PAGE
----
Jaycees Soap Box Derby Car

Date: 1967

 

Description: The soap box derby is a race in which youth racers construct their own gravity-powered race cars and compete against each other for titles. The local Sioux City races began in 1936, and originally only boys were allowed to compete. Many racers have gone from the Sioux City competition to the national championships, though none have ever won the national title. The 1950s and 60s were the heydays of the derby, and in Sioux City and across the nation the race became a much-loved and watched sport. This powder-blue Jaycees car was built in 1967 by Mark Lehmann, who won the Sioux City race that year. The derby competitions were originally held on city streets, but in 2003 Sioux City got its own professional Derby Hill, located near the Lewis and Clark baseball park. That year two girls won the Sioux City competition, 16-year-old Kristi Pickens and 11-year-old Emily Atkinson, both racers reaching speeds over 30 miles an hour.

 

Soap box races are not the only way Sioux Cityans enjoy their racing. In the late 19th century Riverside Park had a mile-long horse racing track. There was also Evans Driving Park on the north side of town, where harness or carriage driving races occurred. The Riverside track was closed in 1910 and reopened the next year as a half-mile track for horse and automobile racing. The two-mile Sioux City Speedway in North Sioux City was home to the Sioux City 300, an automobile race that was compared to the Indianapolis 500 in popularity. When it began in 1914 the founders had prepared for a crowd of 10,000; nearly 50,000 spectators showed up for the inaugural race and some of the biggest names in racing at the time competed. The Sioux City 300 continued as an annual tradition, drawing in thousands. The races ceased in 1917, most likely due to changes in the racing industry as standardized stock cars became more popular than customized racers.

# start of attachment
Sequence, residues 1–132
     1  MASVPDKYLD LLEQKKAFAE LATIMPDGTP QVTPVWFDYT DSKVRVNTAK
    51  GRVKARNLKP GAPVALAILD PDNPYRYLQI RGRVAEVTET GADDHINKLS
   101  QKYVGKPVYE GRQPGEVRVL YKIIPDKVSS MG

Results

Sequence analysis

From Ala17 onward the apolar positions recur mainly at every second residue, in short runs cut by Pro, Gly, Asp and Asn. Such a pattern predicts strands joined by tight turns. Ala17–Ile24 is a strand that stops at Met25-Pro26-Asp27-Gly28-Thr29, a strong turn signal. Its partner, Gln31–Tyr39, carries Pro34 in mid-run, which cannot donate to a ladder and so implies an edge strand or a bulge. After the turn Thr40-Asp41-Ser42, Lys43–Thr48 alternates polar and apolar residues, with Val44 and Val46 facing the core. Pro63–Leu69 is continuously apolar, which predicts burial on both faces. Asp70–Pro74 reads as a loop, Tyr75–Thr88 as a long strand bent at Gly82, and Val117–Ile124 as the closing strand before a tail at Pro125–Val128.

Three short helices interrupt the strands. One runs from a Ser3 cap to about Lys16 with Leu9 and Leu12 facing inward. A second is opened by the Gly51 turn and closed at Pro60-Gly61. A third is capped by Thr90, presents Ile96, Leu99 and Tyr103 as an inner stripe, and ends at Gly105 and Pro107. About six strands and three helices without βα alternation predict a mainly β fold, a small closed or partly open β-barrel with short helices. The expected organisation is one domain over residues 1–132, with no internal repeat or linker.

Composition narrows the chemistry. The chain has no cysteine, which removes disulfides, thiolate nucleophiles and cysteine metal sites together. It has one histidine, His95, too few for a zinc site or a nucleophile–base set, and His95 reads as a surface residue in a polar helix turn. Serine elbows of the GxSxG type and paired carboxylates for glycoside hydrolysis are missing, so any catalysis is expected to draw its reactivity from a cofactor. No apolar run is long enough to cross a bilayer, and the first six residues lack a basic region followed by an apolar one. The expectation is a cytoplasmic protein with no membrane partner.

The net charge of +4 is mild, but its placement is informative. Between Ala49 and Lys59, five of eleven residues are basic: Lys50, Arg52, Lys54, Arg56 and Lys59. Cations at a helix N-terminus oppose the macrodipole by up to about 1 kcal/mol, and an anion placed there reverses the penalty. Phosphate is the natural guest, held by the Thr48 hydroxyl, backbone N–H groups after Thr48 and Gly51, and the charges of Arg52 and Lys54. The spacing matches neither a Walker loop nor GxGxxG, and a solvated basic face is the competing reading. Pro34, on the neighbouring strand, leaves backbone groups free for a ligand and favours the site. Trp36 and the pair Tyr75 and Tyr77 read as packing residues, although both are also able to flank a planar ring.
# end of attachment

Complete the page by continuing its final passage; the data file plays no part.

*See Siouxcityhistory.org for more information on “Sioux City’s Mini Indy”

Donor: Mark Lehmann

 

On display